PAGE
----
Knowles Tivendale, in collaboration with Booz & Company, developed transport strategies to improve access to and enhance the attractiveness of the Major Activity Centres of Diamond Creek and Eltham in Melbourne’s northeast. The focus was to improve local economies and develop sustainable transport options for the two centres, one of which has the fewest public transport services of any Major Activity Centre in Melbourne.
The project involved significant stakeholder consultation, including with the retail traders’ associations and the local community. An evidence-based approach was used to establish priorities as part of developing options for the centre. The research found that over 50% of existing customers walked to each centre. The improvements most supported by stakeholders and the community focused on making the centres more attractive places to walk around and spend time in. The project also identified opportunities to develop car parking on consolidated sites at the edge of each centre, while better managing car spaces in the heart of each centre.
The project’s approach to stakeholder and community consultation and priority-setting enabled a range of options to be identified and evaluated. These options offered significant improvements to transport and access to the centres, while reducing the impact of car parking and congestion.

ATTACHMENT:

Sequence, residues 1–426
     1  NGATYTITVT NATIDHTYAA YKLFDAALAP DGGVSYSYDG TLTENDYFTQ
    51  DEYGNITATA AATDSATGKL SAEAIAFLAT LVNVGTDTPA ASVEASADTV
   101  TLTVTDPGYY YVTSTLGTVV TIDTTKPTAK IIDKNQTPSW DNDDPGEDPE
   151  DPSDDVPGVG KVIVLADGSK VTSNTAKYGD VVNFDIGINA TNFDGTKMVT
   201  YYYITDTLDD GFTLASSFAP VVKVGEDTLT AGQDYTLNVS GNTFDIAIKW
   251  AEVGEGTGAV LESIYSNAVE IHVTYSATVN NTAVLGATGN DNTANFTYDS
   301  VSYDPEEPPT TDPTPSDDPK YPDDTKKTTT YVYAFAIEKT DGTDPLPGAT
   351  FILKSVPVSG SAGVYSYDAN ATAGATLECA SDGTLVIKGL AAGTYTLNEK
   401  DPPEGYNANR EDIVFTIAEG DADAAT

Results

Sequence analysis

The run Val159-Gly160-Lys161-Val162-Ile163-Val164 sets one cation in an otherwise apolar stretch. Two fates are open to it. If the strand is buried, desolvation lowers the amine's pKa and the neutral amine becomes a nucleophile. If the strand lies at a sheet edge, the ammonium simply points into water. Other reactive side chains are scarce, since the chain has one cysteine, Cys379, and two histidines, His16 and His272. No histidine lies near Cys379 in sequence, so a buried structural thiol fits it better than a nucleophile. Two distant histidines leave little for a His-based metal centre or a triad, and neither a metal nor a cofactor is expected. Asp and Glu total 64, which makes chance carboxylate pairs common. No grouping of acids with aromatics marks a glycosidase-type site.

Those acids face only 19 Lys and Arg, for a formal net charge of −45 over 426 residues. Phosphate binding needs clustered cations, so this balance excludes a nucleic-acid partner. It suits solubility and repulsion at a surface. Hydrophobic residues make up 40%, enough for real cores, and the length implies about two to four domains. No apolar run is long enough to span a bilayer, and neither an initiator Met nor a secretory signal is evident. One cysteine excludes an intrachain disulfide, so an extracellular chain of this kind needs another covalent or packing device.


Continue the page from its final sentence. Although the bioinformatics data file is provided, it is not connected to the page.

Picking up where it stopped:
Scope of Works
Knowles Tivendale’s tasks included:
- Collecting and analysing baseline data
- Conducting in-centre surveys
- Conducting four stakeholder workshops
- Engaging with local councillors
- Developing and assessing options
- Conducting ‘Main Street BBQs’ to canvass identified options with local communities and stakeholders
- Researching, writing and presenting the report.
The local mayor of Nillumbik Shire Council (also the president of the Chamber of Commerce) was elected on a policy to ‘build more car parking’. This meant that evidence for alternative strategies had to be robust and thoroughly researched and documented.
Engaging with the retailer communities required careful management so that expectations were clear. The retailers also required robust evidence to convince them that the various options would increase footfall and improve the value of the centre to their customers.
It was important to build local community awareness and buy-in, so the Main Street BBQs (held on two Saturdays) were used to present options for review and comment by the community.